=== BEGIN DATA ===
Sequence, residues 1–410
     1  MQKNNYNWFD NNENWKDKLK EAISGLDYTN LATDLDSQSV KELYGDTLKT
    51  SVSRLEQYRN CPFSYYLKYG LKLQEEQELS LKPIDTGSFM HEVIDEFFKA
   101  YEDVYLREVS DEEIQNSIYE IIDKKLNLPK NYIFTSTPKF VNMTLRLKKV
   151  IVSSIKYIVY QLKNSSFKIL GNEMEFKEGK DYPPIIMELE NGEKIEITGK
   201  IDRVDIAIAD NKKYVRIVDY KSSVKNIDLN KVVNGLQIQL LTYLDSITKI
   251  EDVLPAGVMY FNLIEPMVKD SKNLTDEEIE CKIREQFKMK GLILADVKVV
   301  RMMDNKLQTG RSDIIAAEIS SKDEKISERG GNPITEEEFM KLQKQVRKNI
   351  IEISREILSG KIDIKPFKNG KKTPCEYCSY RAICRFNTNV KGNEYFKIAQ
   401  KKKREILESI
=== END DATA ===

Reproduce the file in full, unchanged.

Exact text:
Sequence, residues 1–410
     1  MQKNNYNWFD NNENWKDKLK EAISGLDYTN LATDLDSQSV KELYGDTLKT
    51  SVSRLEQYRN CPFSYYLKYG LKLQEEQELS LKPIDTGSFM HEVIDEFFKA
   101  YEDVYLREVS DEEIQNSIYE IIDKKLNLPK NYIFTSTPKF VNMTLRLKKV
   151  IVSSIKYIVY QLKNSSFKIL GNEMEFKEGK DYPPIIMELE NGEKIEITGK
   201  IDRVDIAIAD NKKYVRIVDY KSSVKNIDLN KVVNGLQIQL LTYLDSITKI
   251  EDVLPAGVMY FNLIEPMVKD SKNLTDEEIE CKIREQFKMK GLILADVKVV
   301  RMMDNKLQTG RSDIIAAEIS SKDEKISERG GNPITEEEFM KLQKQVRKNI
   351  IEISREILSG KIDIKPFKNG KKTPCEYCSY RAICRFNTNV KGNEYFKIAQ
   401  KKKREILESI